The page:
To learn more about Dr. Hodgson and her work to mend the widespread knowledge-practice gap for more effective programs, strategies and real world clinical and service practices, click here.
The “Dean’s Distinguished Visiting Professorship” is a program designed to recognize and engage rising members of the Penn faculty and to initiate collaborations and interactive opportunities amongst other faculty and trainees right here at Penn. “It is our hope that these seminars will provide fresh perspectives to all, will engage our community in excellent science done locally, and will begin to nucleate new ideas for cross-disciplinary activities,” said Lou Soslowsky, PhD, Associate Dean for Research Integration, Perelman School of Medicine, University of Pennsylvania.
As we get older, our heart and some of its basic characteristics naturally start to change. Most subtle changes are considered “normal,” while others may be a cause for concern. With this in mind, it is very important to know how you can maintain or improve your heart health as you age. On Tuesday, February 27, 2018, the Ralston Center and the University of Pennsylvania ‘s Keystone Center for Geriatric Care and Education hosted an educational program on this topic to help inform older adults in the Philadelphia area on the steps that they can take to better their cardiovascular health and overall well-being.
Keynote speaker, Elisabeth Collins, MD, a Geriatric Fellow in the University of Pennsylvania’s Department of Geriatrics kicked off her lecture by addressing some of the “normal” and not-so-normal heart changes that individuals experience as they get older. Dr. Collins explained that each of us has a “natural pacemaker” in our hearts that controls how fast or slow our heart can beat. As we age, that “natural pacemaker” becomes slower resulting in an overall lower heart rate, even when stimulated through vigorous activity such as exercise. She also said that our blood vessels and heart valves naturally become a bit stiffer over time, which could cause a slight increase in blood pressure or a slight heart murmur. While these are considered “normal” changes, they keyword is “slight.” If the spike in blood pressure or a new heart murmur is more significant, that may be a sign of a more serious issue.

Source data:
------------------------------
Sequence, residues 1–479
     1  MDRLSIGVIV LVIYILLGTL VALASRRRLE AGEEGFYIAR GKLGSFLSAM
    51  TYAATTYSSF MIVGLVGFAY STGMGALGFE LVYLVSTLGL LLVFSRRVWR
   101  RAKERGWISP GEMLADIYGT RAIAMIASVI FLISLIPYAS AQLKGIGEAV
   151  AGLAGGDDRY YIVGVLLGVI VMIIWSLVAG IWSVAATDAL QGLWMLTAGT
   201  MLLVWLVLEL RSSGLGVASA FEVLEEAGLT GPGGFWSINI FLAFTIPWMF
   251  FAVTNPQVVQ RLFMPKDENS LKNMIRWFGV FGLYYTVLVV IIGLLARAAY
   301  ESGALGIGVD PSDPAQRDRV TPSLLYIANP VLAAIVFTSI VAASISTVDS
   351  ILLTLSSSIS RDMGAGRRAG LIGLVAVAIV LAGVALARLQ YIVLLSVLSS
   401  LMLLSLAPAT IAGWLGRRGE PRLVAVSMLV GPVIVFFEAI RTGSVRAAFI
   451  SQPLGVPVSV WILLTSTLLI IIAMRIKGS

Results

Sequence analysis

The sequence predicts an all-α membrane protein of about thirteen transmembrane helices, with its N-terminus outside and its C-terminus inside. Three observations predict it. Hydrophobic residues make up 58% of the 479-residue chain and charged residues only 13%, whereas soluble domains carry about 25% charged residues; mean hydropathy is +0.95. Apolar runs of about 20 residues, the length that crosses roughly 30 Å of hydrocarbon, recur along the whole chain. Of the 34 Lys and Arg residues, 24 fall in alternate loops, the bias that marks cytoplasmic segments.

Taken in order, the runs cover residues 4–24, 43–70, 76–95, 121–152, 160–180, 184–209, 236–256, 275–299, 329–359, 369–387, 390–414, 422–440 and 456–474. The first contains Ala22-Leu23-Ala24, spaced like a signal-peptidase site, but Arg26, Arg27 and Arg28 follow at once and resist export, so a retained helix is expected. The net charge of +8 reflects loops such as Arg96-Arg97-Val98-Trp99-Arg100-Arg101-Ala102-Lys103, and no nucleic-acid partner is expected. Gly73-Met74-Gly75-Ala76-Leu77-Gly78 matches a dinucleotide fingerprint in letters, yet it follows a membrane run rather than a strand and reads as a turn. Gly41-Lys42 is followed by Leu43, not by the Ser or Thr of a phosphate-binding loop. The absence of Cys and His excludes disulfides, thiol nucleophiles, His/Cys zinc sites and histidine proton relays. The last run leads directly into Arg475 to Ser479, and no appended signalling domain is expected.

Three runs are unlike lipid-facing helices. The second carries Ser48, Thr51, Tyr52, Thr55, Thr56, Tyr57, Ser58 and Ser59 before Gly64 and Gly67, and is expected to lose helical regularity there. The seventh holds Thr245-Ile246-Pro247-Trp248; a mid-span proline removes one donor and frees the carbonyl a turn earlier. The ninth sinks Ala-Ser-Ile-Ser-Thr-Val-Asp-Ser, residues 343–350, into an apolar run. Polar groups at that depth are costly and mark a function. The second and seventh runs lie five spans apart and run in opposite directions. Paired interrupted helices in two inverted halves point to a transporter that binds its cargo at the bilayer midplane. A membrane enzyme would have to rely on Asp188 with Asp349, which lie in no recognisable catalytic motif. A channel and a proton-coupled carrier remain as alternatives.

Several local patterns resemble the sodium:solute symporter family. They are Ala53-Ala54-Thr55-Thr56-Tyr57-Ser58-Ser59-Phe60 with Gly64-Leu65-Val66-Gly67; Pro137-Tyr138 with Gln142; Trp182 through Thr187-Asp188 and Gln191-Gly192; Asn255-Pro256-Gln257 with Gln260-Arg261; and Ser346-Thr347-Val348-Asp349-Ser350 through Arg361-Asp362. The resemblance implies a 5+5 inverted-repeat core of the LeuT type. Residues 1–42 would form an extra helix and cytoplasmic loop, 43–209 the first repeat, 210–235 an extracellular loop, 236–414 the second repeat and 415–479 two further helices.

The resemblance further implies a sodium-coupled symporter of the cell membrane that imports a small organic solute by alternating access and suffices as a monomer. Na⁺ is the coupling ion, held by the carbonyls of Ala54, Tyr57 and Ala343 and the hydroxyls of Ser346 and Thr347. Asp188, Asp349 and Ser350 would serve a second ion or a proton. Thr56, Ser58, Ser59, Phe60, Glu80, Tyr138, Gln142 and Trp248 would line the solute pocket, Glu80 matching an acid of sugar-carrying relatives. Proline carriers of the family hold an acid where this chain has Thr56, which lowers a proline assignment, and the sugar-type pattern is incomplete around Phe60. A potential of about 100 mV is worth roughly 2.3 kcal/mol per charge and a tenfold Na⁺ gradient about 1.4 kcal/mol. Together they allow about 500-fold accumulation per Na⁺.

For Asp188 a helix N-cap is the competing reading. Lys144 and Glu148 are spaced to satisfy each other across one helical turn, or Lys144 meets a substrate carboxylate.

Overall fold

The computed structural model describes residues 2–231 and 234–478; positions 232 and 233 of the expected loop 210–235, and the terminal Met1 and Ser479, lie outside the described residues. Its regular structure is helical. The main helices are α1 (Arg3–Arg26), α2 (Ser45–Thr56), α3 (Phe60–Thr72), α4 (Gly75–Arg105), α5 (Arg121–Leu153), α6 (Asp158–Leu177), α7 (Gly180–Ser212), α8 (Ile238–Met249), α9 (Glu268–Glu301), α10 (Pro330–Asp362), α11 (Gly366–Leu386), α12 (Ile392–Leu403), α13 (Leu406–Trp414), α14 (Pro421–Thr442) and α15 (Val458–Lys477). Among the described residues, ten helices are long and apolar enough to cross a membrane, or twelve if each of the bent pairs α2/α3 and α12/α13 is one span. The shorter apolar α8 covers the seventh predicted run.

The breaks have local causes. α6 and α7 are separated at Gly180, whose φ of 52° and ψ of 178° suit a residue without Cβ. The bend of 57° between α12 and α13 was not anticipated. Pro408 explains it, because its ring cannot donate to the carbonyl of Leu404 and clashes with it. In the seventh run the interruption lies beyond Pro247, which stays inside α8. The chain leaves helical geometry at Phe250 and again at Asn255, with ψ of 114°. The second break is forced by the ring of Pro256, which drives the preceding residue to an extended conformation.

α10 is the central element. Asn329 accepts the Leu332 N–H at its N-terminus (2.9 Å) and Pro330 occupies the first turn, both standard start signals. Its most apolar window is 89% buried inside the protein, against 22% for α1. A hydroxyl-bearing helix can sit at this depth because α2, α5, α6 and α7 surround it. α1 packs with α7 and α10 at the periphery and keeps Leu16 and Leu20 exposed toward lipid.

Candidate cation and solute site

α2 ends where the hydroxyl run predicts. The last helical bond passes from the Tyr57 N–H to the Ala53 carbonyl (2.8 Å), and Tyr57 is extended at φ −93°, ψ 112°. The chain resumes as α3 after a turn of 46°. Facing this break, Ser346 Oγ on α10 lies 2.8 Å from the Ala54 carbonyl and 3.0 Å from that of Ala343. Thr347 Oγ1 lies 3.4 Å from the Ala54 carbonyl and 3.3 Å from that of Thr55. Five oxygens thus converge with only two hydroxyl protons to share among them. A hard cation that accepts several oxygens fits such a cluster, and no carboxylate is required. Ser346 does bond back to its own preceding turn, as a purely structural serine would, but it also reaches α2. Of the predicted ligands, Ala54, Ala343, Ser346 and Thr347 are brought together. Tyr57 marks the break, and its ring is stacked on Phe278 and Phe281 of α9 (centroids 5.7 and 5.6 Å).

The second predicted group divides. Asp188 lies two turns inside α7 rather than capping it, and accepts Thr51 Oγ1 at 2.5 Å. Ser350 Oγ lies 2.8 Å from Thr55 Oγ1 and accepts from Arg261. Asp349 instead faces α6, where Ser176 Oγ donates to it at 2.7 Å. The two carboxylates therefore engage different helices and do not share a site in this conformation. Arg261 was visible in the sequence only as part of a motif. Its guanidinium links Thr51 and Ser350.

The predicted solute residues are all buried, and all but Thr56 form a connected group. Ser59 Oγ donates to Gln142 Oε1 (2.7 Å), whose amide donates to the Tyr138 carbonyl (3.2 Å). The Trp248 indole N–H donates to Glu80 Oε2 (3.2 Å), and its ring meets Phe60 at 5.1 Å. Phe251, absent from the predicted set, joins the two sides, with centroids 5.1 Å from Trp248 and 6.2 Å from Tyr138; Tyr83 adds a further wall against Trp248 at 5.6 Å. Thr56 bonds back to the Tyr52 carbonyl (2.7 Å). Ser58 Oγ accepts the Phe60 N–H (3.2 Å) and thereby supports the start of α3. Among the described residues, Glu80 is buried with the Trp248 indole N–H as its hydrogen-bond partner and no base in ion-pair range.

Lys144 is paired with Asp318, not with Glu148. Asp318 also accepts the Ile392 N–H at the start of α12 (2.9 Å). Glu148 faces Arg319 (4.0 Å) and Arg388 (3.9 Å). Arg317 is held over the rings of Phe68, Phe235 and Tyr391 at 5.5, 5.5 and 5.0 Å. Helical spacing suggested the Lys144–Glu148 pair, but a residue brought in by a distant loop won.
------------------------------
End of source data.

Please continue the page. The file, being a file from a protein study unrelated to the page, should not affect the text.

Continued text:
Another change that is “normal” but could also raise concern is the enlargement of the heart. The heart tends to get a bit bigger the longer it is in use – or the older we age – however, too much enlargement can lead to some dangerous situations including heart failure. All of these changes are things that your doctor can easily detect and monitor through proper routine care and check ups, so it is very important to see your doctor regularly.